December Issues &Amp; Insights Examines Motivational Interviewing For Gambling Addiction

Recovering from addiction is all about changing one’s behavior. Anyone who has tried to diet, quit smoking or get off the couch and exercise knows that changing behavior can be very challenging. It is especially true for individuals struggling with an addictive disorder. To assist people with changing their abuse of alcohol and drugs, specialists in addiction have developed motivational interviewing (MI), a widely disseminated clinical approach that uses a directive, client-centered counseling style for eliciting behavior change by helping clients to explore and resolve ambivalence about changing the addictive behavior (Miller & Rose, 2009). William R. Miller, Ph.D., Emeritus Distinguished Professor of Psychology and Psychiatry at the University of Mexico, led the development and testing of the original concept.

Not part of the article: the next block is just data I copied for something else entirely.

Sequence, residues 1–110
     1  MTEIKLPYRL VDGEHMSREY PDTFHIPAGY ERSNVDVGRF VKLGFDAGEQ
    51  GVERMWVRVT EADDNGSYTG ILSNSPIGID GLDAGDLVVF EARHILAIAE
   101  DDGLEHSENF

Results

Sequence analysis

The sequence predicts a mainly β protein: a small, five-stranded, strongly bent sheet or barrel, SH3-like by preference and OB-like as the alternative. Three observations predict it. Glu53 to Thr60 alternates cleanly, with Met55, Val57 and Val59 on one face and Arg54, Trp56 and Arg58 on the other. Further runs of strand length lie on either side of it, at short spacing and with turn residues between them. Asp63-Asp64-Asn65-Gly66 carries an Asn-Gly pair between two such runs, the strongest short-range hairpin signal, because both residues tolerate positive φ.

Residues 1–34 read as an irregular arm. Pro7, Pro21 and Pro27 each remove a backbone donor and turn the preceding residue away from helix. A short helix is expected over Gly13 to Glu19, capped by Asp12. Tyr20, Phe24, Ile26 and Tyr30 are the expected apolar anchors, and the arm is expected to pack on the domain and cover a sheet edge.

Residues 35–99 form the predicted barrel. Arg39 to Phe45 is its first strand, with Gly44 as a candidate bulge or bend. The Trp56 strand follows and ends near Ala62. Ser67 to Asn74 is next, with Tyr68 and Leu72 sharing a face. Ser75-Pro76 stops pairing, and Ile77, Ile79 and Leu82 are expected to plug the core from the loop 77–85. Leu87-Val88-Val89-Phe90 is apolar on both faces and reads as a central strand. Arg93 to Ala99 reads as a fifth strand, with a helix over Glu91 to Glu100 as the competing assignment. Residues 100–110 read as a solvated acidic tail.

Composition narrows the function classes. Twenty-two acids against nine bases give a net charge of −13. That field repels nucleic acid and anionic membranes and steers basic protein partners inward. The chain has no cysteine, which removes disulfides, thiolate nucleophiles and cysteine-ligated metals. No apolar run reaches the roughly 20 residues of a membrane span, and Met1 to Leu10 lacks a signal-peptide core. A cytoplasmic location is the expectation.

Research has shown successful outcomes when MI is employed by alcohol and drug counselors. But what about disordered gambling?This month’sIssues & Insightswill focus on the origins of motivational interviewing, its principles and how David Hodgins, Ph.D., professor of psychology at the University of Calgary in Canada, is testing this approach with disordered gamblers.

Miller, W. R., & Rose, G. S. (2009). Toward a theory of motivational interviewing.American Psychologist, 64(6), 527-537.

NCRG staffResearch Update